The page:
Siding With Biden, Judge Tosses Trump EPA Bid to Ditch Science

Just days after saying a Trump administration effort to preclude scientific studies where privacy concerns rendered the underlying data unavailable, a federal judge vacated the rule at the request of the Biden administration. 

The headquarters of the Environmental Protection Agency in Washington (Courthouse News photo / Jack Rodgers)

(CN) – A federal judge in Montana on Monday vacated a rule promulgated during the waning days of the Trump that would have limited the type of scientific studies used by the U.S. Environmental Protection Agency when making policy decisions, finding it hadn’t gone through the appropriate process. 

U.S. District Court Judge Brian Morris vacated the rule at the request of the Biden administration’s EPA, days after Morris found said the Trump administration’s effort to skip a 30-day public comment period was illegal. 

“Defendants explain that in light of the court’s conclusion that the final rule constitutes a substantive rule, the Environmental Protection Agency lacked the authorization to promulgate the rule pursuant to its housekeeping authority, which is the only source of authority identified in the final rule,” Morris wrote in a terse 2-page ruling issued Monday. 

A housekeeping rule does not necessitate a lengthy public process, whereas a substantive decision, as legally defined, does. 

Morris concluded the EPA miscategorized the recent “secret science” rule as a housekeeping matter in order to skip the public process and accelerate its publication in the Federal Register. 

He ordered the EPA to reinstate the 30-day comment period before finalizing the rule, but his Monday order vacating that rule essentially ends consideration of its implementation — especially since the Biden administration requested the rule be withdrawn.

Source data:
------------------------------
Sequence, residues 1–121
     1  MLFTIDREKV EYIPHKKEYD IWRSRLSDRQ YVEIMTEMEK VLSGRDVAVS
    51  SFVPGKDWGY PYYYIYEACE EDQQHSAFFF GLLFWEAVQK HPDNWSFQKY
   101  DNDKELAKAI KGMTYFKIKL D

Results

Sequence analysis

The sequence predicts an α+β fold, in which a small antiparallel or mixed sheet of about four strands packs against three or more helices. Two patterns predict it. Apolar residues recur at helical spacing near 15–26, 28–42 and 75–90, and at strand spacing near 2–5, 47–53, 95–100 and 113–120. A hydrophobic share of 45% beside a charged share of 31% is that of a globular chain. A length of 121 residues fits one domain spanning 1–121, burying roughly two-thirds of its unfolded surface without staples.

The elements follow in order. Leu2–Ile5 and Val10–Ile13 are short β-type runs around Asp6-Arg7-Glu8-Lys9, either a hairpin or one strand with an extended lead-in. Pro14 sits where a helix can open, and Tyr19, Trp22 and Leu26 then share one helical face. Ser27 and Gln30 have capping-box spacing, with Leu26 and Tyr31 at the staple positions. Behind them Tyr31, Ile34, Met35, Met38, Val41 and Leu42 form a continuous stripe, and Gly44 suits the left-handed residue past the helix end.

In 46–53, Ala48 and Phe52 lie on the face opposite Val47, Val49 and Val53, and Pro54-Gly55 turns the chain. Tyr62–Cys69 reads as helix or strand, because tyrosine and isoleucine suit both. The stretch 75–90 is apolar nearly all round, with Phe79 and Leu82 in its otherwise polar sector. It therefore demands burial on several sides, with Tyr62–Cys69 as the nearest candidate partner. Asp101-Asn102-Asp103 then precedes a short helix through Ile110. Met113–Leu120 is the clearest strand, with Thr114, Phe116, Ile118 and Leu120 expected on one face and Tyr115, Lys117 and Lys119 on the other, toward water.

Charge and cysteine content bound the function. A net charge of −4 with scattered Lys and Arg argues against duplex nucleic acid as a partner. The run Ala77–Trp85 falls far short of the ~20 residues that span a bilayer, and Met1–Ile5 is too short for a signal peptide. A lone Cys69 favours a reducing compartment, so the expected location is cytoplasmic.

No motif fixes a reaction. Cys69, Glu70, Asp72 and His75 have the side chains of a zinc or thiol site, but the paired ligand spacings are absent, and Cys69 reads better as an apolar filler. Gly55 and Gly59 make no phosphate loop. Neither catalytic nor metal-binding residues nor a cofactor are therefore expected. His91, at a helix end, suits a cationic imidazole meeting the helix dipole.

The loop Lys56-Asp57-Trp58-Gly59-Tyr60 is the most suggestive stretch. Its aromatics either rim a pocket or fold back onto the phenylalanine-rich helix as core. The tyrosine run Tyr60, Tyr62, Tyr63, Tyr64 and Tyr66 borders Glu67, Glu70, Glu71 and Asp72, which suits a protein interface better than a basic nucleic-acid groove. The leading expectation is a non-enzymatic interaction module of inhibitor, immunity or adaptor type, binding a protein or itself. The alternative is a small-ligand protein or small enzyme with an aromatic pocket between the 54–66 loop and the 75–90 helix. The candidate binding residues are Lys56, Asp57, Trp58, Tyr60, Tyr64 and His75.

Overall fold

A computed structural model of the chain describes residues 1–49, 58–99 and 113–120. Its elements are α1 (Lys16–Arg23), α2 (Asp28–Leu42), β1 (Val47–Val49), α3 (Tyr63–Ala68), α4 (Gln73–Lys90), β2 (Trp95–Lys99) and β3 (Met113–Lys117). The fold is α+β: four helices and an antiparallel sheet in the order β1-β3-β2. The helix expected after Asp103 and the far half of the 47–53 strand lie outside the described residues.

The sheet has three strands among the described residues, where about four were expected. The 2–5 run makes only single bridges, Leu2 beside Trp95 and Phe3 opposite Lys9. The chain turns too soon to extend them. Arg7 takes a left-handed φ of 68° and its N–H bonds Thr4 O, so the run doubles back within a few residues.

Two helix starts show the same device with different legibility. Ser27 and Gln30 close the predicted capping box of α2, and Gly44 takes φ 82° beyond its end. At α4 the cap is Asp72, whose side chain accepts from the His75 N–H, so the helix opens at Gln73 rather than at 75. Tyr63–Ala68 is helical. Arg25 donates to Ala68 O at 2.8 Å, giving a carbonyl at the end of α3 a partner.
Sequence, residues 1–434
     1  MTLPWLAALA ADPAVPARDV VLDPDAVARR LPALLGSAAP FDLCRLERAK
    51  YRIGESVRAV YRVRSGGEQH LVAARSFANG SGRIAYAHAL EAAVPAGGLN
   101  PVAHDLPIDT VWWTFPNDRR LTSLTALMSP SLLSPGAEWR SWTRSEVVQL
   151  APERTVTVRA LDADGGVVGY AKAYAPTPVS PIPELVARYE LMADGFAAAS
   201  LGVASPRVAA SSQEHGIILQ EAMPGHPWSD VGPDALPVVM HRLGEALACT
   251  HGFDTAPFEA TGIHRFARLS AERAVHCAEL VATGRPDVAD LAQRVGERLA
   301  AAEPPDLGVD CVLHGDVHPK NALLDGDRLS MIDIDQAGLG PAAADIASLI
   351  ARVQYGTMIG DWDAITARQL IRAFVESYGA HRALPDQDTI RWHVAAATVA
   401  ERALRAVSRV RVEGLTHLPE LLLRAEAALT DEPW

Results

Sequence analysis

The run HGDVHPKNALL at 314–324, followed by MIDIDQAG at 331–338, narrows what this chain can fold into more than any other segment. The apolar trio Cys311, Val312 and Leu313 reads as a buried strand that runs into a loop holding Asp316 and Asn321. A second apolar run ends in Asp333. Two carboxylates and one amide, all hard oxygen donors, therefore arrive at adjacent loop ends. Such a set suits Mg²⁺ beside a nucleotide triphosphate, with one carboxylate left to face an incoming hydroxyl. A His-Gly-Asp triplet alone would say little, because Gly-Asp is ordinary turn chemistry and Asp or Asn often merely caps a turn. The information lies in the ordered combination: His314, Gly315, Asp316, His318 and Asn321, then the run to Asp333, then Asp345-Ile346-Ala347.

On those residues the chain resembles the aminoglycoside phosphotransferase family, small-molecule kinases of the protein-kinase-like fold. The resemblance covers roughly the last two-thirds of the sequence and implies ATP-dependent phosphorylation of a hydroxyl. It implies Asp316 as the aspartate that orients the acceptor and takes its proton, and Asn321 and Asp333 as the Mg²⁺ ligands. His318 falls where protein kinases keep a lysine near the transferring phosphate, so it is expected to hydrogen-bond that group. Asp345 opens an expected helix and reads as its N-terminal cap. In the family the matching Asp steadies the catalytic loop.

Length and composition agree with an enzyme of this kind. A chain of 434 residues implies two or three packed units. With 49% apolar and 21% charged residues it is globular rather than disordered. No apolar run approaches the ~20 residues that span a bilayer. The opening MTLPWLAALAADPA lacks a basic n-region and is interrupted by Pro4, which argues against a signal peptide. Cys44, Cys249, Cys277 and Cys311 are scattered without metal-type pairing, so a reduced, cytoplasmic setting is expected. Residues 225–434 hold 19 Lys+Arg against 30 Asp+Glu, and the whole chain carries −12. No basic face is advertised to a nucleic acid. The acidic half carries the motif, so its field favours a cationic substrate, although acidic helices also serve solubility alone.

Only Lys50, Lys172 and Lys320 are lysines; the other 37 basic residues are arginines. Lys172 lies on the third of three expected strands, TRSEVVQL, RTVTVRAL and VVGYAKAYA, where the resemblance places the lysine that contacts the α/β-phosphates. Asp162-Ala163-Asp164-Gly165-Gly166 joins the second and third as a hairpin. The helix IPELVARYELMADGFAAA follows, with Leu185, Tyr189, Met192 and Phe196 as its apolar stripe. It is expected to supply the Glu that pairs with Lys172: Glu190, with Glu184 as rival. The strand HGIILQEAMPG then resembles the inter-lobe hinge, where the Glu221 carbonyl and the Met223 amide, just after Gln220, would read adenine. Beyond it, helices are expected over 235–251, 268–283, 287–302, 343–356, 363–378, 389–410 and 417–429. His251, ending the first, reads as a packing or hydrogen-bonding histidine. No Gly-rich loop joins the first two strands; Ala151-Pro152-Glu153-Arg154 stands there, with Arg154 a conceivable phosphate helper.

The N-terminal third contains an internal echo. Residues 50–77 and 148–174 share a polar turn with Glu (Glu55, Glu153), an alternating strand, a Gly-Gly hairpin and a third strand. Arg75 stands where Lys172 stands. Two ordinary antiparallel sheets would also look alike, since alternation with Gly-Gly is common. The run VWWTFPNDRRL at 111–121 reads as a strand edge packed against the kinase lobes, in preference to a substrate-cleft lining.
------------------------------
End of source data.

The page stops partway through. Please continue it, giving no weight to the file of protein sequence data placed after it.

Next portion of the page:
Critics of the rule argue that limiting the range of acceptable studies to only those where the underlying data is publicly available would disqualify a whole trove of public health studies where the data is kept secret, often out of privacy concerns for study participants. 

“Privacy laws are trying to protect people from these types of disclosures,” said Anne Hedges, director of policy and legislative affairs for the Montana Environmental Information Center, last week. “If this law were passed you couldn’t use a suite of studies, even if they’re peer-reviewed.”

Scientists, particularly those involved with public health, often rely on the private health information of individuals to draw conclusions about the impacts of air particulate matter or contaminants in water on human health. If the last-minute decision had been allowed to stand, it would have precluded a raft of public health studies from being considered by the EPA. 

“The Trump administration worked on this rule for two and half years and they failed to get it done and then on the way out the door they tried to pull a fast one,” Hedges said. “It was a parting shot and a cheap shot.”

But Monday’s decision also demonstrates the degree to which it was a long shot. 

After Morris, an Obama appointee, ruled last week, he asked both parties to brief the question of whether the rule in question was housekeeping or substantive. Since the Biden administration now controls the EPA, its lawyers essentially agreed with the plaintiffs and made Morris’s ruling a foregone conclusion. 

Some environmental rollbacks passed by the Trump administration and opposed by President Joe Biden will take longer to unwind, to the extent they can be undone at all. But many of the midnight regulations promulgated by Trump on the way out the door — particularly those passed without the necessary process — will not prove particularly difficult to overturn if the Biden administration so desires. 

The EPA under Trump has long argued that transparency in science is necessary for the agency to restore confidence in agency decision-making rather than blindly relying on the conclusions of experts. The Trump administration touted the rule as one way to do just that. 

But environmentalists see the transparency argument as cover for an effort to reduce science-based decision making while providing a sop to industry lobbyists. 

“Today’s decision is great news for EPA’s ability to use rigorous, lifesaving science to protect all Americans from dangerous pollution and toxic chemicals,” said Ben Levitan of co-plaintiff Environmental Defense Fund, in a statement released Monday.

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